the swing

I sit outside on the porch
as a warm breeze blows through
and twenty-two years disappear
the sun shines bright, illuminating a golden afternoon, and there you are,
carefully taking one step after another
holding the hand of the one you adored
and who cherished you right back
she leads you to your birthday gift
the swing
built by the man who makes you giggle
and gives you Nilla wafers to clasp
in your tiny hands, never mind the mess
he gently lifts you and places you
with her help into the swing
made especially for you

all the years since have come and gone
as have the ones we love
and I think of the gift they gave you
on the day you turned one

life is much like that swing–
may you always be surrounded by those who love you
like those who created and guided you to
the swing that day
giving you roots to tread on
and wings to fly

some days you will have someone at your back
pushing you higher and higher
up through the things that would pull you down
until you can reach for the stars and clouds and very nearly touch them
with your bare hands

other days, and there will be many, dear one
you will have to pump and point
lifting yourself above the noise and hustle
to reach your dreams and goals and all you want to be,
depending only on your own will and strength and determination

I remember the smile on your face twenty-two years ago
when you sat there in that old tire picked especially for you–
it would have lit up the darkest of nights…..
the sheer joy of the movement
and being surrounded by the ones you loved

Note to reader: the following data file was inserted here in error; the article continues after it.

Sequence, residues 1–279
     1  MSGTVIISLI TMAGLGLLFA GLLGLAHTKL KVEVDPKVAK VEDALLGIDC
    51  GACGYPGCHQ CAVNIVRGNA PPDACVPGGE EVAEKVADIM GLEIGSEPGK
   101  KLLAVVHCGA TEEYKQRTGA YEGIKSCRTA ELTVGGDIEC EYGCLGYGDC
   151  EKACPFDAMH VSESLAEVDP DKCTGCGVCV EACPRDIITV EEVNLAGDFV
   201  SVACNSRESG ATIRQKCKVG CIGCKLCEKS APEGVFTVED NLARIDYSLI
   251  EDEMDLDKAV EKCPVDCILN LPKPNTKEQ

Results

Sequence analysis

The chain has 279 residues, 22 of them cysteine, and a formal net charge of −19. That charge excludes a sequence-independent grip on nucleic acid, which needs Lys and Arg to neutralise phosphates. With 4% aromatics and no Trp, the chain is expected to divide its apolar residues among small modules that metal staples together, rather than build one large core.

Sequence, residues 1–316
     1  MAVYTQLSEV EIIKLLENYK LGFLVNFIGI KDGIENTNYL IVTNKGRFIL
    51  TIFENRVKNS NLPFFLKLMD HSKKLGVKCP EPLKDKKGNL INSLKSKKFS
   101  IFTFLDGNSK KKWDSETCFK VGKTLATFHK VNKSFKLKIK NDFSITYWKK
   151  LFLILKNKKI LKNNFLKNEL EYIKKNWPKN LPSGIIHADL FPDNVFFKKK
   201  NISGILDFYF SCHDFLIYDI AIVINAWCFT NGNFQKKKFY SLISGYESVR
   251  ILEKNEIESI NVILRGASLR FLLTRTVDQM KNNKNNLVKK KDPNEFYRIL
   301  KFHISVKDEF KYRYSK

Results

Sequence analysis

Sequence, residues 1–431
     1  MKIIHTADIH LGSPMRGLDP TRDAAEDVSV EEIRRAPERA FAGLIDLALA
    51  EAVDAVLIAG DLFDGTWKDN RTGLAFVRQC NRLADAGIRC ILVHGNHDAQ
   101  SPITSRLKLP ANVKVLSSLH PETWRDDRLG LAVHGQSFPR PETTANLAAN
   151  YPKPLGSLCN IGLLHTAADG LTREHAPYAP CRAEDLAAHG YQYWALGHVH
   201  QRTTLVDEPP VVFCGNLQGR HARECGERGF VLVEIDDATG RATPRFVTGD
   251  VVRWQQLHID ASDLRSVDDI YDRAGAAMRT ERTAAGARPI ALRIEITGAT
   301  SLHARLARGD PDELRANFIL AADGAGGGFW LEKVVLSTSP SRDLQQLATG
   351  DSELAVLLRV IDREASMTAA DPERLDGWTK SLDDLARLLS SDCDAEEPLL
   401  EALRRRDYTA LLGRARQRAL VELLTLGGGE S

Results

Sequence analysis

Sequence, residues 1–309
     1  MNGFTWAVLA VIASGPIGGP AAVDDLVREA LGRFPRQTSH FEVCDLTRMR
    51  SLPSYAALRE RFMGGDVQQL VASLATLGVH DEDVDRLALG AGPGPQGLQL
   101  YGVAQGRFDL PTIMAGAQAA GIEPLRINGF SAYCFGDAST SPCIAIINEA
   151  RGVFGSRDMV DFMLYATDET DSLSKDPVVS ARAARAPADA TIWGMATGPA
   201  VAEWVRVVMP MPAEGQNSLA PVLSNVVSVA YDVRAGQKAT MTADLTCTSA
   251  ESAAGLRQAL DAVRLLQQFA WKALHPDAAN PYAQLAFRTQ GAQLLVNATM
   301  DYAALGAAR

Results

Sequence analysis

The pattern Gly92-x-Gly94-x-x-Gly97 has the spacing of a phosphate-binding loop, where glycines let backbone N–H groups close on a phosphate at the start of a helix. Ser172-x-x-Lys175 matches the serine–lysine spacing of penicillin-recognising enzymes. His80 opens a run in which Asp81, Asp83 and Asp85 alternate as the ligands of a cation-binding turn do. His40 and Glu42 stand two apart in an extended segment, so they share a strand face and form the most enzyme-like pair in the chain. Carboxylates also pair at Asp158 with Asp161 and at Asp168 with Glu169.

brought laughter bubbling up from within
and cries of “again! again!”
as your tiny toes that couldn’t touch the ground kicked at the air excitedly

may you take time everyday to feel the wind in your hair
the exhilaration when you soar
and the beauty of the gentle quiet as you let it all “die down”
may you welcome those who have your back
and let them be a part of your journey, cheering each other on
and when you feel like no one is there,
pump and point, my dear, pump and point
and remember the dreams they dreamed for you,
the ones you’ve tucked away deep in your heart
and aim for the highest point–
and when you get there

grab hold of your faith
let go of the rope

and leap

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For A.A.D. on the night of her 23rd birthday…..keep soaring high, baby girl 

Happy Golden Years

Fifty years ago today, December 17, 1967, the romance that started outside a laundromat in Valdosta, Georgia began a new adventure as my Mama and Daddy said, “I do.”

And they did.  Sickness.  Health.  Laughter.  Pain.  Joy.  Grief.  Children.  Grandchildren.  Other children whom they called their own.  Friends.  Family.  Biscuits. Gravy.  Pound Cake.  Fried Cornbread.  Homemade Pizza.  Cars. Trucks.  Books.  Celebrations.  Mourning.  Everyday Life filled with Extraordinary Moments.